the earth did go round, and the heavens did stand still; whereas in
truth it was his own head which rather did run round, and his brains
did not stand still.”() and who reports accusations of
plagiarising Ficino's work. Still, the English period was a fruitful
During that time Bruno completed and
published some of his most important works, the "Italian Dialogues",
including the cosmological tracts "La Cena de le Ceneri" (The Ash
Wednesday Supper, 1584), "De la Causa, Principio et Uno" (On Cause,
Prime Origin and the One, 1584), "De l'Infinito Universo et Mondi"
(On the Infinite Universe and Worlds, 1584) as well as "Lo Spaccio
de la Bestia Trionfante" (The Expulsion of the Triumphant Beast,
1584) and "De gl' Heroici Furori" (On Heroic Frenzies, 1585).
Some of the works that Bruno published
in London, notably the "The Ash Wednesday Supper", appear to have
given offense. It was not the first time, nor was it to be the last,
that Bruno's controversial views coupled with his abrasive sarcasm
lost him the support of his friends.
In October 1585, after the French embassy in London was attacked by
a mob, he returned to Paris with Castelnau, finding a tense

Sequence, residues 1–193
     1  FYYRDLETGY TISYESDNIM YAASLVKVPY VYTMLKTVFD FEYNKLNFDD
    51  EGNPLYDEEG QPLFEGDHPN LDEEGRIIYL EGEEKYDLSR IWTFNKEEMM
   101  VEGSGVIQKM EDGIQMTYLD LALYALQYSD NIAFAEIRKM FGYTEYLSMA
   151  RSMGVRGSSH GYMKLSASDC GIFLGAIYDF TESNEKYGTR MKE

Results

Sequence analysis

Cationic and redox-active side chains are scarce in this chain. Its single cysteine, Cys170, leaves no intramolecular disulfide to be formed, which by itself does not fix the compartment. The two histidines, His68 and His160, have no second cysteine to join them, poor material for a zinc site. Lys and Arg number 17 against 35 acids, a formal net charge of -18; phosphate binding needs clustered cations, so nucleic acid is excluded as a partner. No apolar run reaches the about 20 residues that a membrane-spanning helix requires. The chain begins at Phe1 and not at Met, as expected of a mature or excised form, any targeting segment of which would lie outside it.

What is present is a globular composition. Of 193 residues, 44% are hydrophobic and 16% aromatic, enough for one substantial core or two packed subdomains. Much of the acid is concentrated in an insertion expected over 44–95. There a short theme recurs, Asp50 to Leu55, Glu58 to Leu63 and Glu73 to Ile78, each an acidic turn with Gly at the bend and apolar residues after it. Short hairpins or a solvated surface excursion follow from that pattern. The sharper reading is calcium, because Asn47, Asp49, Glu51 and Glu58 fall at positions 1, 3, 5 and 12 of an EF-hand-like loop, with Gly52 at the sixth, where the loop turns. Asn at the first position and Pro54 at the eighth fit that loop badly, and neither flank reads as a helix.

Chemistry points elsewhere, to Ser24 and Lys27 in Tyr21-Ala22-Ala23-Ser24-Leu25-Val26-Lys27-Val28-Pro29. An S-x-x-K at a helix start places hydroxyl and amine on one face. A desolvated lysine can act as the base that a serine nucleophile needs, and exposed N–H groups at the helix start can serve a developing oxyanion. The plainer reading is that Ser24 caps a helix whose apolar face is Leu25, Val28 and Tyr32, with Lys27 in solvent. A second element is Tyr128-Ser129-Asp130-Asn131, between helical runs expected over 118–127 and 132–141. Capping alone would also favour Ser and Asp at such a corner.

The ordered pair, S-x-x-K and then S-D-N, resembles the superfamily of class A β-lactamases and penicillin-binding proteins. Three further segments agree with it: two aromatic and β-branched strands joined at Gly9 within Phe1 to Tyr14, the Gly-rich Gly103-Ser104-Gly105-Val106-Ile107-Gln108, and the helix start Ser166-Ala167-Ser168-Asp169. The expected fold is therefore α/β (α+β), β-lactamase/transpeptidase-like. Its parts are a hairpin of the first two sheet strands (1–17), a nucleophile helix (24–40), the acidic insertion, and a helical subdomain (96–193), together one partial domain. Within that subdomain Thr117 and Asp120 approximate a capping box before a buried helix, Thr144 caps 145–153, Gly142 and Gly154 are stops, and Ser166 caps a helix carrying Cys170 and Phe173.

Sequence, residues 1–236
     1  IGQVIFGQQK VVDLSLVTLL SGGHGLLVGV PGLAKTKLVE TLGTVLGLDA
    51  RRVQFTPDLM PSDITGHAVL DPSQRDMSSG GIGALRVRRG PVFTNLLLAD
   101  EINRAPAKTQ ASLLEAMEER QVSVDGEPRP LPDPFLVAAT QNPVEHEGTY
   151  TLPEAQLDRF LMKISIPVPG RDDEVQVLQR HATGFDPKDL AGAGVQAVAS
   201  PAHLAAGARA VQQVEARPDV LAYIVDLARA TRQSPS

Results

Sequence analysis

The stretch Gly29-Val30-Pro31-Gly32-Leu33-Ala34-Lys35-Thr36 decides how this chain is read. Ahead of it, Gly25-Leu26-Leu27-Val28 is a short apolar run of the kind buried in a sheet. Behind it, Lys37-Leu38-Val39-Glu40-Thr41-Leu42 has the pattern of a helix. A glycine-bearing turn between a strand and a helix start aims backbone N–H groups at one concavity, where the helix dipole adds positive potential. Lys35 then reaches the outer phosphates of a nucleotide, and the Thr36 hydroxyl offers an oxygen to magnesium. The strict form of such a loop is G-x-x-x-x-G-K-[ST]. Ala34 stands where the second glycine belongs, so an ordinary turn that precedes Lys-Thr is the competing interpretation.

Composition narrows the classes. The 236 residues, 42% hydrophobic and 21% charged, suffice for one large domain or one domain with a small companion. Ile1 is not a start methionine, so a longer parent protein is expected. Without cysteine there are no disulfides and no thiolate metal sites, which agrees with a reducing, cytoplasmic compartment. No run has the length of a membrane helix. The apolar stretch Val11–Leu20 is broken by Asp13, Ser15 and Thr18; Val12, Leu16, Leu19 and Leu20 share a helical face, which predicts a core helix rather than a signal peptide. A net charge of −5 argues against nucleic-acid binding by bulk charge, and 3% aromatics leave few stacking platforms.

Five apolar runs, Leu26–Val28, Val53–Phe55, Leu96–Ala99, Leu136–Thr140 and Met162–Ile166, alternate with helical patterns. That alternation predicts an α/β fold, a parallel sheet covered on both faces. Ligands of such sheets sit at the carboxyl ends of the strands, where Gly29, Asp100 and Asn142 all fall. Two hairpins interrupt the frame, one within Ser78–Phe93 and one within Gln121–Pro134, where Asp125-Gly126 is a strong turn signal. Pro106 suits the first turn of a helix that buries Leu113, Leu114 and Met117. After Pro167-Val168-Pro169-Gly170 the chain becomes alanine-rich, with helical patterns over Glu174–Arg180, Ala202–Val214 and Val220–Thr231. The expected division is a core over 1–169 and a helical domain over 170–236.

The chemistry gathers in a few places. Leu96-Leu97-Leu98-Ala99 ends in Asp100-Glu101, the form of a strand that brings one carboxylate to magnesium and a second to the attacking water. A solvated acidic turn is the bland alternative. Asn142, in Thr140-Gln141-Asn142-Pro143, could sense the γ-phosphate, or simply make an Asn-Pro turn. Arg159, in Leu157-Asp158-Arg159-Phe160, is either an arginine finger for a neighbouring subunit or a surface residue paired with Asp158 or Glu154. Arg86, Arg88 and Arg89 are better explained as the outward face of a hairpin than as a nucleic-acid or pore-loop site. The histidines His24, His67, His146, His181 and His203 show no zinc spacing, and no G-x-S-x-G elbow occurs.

political situation. Moreover, his 120 theses against Aristotelian
natural science and his pamphlets against the Roman Catholic
mathematician Fabrizio Mordente soon put him in ill favor. In 1586,
following a violent quarrel about Mordente's invention, "the
differential compass", he left France for Germany.
Woodcut from Articuli centum et sexaginta adversus huius tempestatis
mathematicos atque philosophos,
In Germany he failed to
obtain a teaching position at Marburg, but was granted permission to
teach at Wittenberg, where he lectured on Aristotle for two years.
However, with a change of intellectual climate there, he was no
longer welcome, and went in 1588 to Prague, where he obtained 300 taler from Rudolf II, but no teaching position. He went on to serve
briefly as a professor in Helmstedt, but had to flee again when he
was excommunicated by the Lutherans, continuing the pattern of
Bruno's gaining favor from lay authorities before falling foul of
the ecclesiastics of whatever hue.
1591 found him in Frankfurt. Apparently, during the Frankfurt Book
Fair, he received an invitation to Venice from the patrician